By Ryan BradleyPosted 05.12.2011 at 2:44 pm 0 Comments
Humans are not good at delivering drugs. Doctors, nurses, pharmacists and pharmacy techs can mix pills up, provide too many or too few, or fail to dispense them quickly enough. In some cases, controlled substances disappear from hospitals, bound for the black market. Medication errors lead to some 1.5 million “preventable drug-related injuries” every year, at a cost of $3.5 billion, a report by the National Academies found. The stakes are highest in trauma units, where lifesaving drugs must be given within the “golden hour”--when medications are most effective.
We live in the age of “go-bags”, survival kits kept at the ready to combat just about any worst-case scenario emergencies one might be able to imagine. They’re packed with multi-tools, flashlights, Tamiflu--you name it.
Prepare to make room for a new pill that might be able to directly counteract the effects of (knock on wood) nuclear fallout.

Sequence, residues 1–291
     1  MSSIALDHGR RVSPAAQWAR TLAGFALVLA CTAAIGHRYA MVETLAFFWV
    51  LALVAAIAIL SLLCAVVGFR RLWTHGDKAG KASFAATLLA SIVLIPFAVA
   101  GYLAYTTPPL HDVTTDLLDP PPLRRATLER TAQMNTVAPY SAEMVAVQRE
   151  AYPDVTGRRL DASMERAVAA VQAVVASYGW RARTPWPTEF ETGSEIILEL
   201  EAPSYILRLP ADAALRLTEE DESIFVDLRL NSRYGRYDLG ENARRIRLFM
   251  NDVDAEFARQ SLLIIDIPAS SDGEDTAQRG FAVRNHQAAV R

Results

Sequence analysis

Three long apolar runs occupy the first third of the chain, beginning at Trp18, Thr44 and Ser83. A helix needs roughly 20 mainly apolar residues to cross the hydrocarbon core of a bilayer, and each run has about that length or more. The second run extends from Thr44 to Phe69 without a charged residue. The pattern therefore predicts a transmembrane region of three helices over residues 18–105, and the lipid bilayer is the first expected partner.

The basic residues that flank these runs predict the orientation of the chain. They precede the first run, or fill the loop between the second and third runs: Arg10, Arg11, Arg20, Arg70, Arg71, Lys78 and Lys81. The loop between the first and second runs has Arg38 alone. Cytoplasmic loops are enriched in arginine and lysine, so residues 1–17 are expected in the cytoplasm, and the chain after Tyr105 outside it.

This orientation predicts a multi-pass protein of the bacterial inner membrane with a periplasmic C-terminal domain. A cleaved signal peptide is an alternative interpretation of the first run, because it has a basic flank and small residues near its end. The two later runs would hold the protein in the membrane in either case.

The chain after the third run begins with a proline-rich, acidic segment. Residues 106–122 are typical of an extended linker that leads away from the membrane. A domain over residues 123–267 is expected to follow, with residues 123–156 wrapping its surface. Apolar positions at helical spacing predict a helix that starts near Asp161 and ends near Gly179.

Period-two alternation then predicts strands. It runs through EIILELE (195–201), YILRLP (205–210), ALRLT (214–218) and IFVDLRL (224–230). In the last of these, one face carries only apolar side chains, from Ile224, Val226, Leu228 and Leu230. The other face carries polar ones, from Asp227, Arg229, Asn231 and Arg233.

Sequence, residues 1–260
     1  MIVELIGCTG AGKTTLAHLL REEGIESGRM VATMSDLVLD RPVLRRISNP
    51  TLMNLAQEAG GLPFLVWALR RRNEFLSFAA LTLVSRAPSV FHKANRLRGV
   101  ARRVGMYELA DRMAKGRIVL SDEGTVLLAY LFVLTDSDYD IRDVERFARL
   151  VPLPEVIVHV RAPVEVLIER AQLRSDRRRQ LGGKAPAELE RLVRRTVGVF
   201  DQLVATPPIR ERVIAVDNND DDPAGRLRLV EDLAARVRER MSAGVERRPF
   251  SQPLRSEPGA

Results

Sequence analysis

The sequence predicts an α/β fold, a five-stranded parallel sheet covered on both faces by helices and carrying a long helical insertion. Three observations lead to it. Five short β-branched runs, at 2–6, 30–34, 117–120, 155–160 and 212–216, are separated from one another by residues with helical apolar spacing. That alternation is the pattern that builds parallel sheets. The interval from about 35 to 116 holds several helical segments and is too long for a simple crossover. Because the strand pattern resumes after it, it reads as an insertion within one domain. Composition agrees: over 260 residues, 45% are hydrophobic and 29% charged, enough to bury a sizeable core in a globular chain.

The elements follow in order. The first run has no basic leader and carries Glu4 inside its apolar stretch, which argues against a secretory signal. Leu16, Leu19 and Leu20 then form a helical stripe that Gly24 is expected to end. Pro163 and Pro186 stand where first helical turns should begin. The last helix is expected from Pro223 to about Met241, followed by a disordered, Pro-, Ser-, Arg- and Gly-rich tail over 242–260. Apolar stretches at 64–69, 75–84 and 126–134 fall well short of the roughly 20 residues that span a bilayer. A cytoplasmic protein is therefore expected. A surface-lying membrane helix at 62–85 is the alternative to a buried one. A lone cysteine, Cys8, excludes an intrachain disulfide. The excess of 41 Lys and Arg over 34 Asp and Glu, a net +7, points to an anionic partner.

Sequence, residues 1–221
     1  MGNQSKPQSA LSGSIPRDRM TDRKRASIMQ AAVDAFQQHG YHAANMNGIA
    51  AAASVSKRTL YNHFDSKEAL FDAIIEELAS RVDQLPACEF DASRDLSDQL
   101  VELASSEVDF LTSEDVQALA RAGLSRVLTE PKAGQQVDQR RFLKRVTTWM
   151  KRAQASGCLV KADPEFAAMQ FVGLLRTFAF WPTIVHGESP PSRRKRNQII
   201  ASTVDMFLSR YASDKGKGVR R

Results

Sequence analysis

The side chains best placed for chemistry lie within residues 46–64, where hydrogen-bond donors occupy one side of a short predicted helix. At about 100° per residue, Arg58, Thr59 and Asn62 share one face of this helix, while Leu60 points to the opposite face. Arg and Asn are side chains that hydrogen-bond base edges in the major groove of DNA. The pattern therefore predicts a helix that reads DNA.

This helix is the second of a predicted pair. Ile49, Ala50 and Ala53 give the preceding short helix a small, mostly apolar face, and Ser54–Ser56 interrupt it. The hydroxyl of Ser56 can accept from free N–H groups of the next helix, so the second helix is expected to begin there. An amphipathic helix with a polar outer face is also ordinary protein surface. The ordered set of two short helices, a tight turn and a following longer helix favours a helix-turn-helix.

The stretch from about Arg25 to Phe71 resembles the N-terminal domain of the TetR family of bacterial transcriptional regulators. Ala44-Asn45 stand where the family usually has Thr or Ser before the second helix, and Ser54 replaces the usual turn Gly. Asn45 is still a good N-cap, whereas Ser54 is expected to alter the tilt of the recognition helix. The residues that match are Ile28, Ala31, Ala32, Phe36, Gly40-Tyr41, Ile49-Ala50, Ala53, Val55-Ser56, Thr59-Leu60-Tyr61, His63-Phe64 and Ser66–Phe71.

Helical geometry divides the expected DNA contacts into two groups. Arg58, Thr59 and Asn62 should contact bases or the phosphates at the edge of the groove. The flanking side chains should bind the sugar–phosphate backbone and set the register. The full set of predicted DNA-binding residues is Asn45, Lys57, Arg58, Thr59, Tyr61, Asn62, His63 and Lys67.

The YouTube promo for Zhen de Shou weight-loss capsules is farcical: The camera slowly pans across photos of depressed overweight girls becoming euphorically thin and warns, "Beware of cheap imitations." But the ad hides a real danger. According to recent tests by the Food and Drug Administration, Zhen de Shou and 68 other weight-loss supplements manufactured in the U.S. and abroad contain undeclared pharmaceuticals. That means millions of Americans popping over-the-counter diet pills might also be unwittingly ingesting medication at potentially deadly doses.
A supersonic gun takes the ouch out of vaccine drug delivery
By Kalee ThompsonPosted 06.02.2005 at 6:00 pm 0 Comments
Take your medication with a gun made by PowderMed in Oxford, England, and the drugs will blast into your skin at 1,500 miles per hour. “You hear the sound, so you know it’s gone off,” explains Mark Kendall, a mechanical engineer at the University of Oxford and co-inventor of the flashlight-shaped disposable device.